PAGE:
SUNY Votes Against Condo Plan for LICH and Looks for De Blasio's Next Move

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Cynthia Grandeza, a LICH staff nurse for the past 22 years, and her daughter, Nicole, who was born at LICH 19 years ago.

The SUNY Board that oversees Long Island College Hospital in Brooklyn has voted not to proceed with a plan to turn it into condos and an urgent care center.

Nurses who work at the hospital, known as LICH, as well as some of the board members, suggested SUNY should wait until Bill De Blasio is sworn in as mayor, since he has said he would fight any plan that does not serve the health care needs of the surrounding neighborhoods.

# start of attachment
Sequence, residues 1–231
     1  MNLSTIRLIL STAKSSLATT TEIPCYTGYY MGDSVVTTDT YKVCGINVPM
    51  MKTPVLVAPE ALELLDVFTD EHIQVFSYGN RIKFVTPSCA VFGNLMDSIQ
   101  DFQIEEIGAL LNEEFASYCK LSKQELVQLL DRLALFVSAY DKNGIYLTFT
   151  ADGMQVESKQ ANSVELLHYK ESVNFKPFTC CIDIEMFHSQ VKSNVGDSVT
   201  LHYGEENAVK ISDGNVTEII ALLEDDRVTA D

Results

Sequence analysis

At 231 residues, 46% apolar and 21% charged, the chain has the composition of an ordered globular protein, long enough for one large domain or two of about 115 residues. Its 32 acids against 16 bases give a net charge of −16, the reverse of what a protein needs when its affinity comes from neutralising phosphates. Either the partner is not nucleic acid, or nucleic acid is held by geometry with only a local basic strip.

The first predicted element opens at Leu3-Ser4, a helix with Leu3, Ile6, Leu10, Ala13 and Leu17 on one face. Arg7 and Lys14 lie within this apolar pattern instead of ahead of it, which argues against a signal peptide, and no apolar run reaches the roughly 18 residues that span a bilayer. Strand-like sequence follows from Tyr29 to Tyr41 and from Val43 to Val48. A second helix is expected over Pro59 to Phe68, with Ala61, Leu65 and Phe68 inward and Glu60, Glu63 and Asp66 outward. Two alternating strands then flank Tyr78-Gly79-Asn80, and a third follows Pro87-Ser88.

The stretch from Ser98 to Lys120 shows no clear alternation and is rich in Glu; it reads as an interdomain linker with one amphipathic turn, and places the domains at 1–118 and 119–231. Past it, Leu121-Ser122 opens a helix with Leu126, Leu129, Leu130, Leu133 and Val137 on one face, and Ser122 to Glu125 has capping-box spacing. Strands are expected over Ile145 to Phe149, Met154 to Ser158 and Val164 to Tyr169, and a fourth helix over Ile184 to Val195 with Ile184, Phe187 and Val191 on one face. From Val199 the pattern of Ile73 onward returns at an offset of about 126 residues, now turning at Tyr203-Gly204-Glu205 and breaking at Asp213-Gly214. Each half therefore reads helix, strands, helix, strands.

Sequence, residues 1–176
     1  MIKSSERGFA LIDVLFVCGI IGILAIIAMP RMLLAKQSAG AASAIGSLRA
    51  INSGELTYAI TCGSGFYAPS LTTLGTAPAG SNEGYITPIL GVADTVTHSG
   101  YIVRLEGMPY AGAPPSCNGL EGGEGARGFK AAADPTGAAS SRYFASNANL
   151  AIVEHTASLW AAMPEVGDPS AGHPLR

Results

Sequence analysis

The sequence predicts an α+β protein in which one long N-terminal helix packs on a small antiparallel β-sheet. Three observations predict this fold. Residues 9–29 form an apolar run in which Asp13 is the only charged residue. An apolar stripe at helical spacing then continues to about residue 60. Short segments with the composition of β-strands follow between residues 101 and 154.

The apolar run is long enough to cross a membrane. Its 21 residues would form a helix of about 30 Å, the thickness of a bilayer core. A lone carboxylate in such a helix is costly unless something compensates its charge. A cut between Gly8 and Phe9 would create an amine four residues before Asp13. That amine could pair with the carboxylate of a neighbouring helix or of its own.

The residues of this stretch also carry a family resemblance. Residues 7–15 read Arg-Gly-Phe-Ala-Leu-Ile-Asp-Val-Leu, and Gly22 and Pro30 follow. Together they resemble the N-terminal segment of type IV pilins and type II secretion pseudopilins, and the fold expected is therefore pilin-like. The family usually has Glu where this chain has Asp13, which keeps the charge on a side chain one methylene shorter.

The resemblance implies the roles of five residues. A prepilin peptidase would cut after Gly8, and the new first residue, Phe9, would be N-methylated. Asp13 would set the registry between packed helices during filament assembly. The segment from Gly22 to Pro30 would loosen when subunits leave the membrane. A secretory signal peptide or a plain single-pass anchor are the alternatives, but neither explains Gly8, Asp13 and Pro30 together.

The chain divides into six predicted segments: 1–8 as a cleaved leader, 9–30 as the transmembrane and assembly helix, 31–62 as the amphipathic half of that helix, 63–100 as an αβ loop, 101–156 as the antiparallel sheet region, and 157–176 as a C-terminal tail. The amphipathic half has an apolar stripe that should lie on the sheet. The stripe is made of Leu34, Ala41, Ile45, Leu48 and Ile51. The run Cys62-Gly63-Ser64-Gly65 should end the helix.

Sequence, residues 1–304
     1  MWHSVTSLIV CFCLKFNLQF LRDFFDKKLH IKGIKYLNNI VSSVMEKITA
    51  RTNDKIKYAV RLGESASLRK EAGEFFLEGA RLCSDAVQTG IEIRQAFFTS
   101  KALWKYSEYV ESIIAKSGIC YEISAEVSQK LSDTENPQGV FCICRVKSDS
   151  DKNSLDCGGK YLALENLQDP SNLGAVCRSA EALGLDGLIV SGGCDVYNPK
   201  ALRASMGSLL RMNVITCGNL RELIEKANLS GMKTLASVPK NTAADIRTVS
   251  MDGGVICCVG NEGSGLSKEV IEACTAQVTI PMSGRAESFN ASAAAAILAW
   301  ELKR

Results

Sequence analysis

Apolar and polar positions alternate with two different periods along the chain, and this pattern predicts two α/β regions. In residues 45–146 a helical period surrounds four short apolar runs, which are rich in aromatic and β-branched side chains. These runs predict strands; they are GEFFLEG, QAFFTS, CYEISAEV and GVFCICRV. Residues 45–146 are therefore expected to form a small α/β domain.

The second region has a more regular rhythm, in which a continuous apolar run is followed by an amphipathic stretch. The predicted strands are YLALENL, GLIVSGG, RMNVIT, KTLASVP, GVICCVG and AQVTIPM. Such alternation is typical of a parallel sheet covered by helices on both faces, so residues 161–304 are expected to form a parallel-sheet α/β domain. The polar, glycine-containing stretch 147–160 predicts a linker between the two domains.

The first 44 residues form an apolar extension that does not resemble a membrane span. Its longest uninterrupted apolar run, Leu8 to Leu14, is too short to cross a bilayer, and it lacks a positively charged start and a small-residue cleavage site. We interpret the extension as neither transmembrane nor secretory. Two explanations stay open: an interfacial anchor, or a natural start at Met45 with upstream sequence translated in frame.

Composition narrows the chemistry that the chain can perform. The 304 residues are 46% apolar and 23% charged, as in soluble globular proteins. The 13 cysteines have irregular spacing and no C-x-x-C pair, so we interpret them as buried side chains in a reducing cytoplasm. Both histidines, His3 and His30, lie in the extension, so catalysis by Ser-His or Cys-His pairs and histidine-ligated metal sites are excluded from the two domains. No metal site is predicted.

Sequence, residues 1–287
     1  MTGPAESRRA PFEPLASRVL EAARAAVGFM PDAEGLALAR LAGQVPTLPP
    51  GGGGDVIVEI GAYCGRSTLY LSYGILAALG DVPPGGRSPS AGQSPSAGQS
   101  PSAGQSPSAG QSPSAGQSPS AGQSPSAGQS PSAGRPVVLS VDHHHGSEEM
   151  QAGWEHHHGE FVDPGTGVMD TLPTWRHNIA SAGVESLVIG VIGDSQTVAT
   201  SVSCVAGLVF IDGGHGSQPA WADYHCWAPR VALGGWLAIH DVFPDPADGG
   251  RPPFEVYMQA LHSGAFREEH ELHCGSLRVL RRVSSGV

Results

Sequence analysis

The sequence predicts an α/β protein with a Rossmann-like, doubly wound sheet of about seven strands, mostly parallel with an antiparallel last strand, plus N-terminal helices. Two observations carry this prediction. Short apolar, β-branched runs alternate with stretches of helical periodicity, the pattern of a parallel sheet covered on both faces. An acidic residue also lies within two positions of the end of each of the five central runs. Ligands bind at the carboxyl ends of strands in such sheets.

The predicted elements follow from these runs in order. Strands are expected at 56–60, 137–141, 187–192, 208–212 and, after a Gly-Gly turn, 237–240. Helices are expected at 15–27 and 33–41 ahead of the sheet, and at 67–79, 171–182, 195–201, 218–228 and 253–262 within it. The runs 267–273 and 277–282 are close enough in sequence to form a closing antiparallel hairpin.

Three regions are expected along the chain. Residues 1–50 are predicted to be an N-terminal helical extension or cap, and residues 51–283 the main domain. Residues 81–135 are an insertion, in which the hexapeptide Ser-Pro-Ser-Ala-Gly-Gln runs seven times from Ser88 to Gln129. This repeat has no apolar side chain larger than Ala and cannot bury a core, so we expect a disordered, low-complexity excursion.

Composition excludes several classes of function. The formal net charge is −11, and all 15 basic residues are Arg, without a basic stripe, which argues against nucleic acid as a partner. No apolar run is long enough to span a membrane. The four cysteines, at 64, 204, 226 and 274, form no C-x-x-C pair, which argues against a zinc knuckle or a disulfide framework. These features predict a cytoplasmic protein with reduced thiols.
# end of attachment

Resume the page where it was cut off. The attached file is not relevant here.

Carl McCall, the chairman of the SUNY board, said they may just wait for De Blasio.

“I would love to give him the keys to the hospital,” McCall said. “He wants to keep the hospital open. We have made overtures to him for a discussion.”

A spokesperson for DeBlasio, Lis Smith, said that instead of tabling decisions, "SUNY needs to recognize there is a path forward here, and take it."

“What is needed now is a real plan from SUNY that ensures the communities surrounding Long Island College Hospital have access to critical health care services, including emergency care," Smith said. 

LICH is losing $13 million a month, according to SUNY. McCall said Tuesday SUNY has about a month before it runs out of money to pay LICH employees.

Currently, there are 1400 employees working at LICH and less than a hundred patients.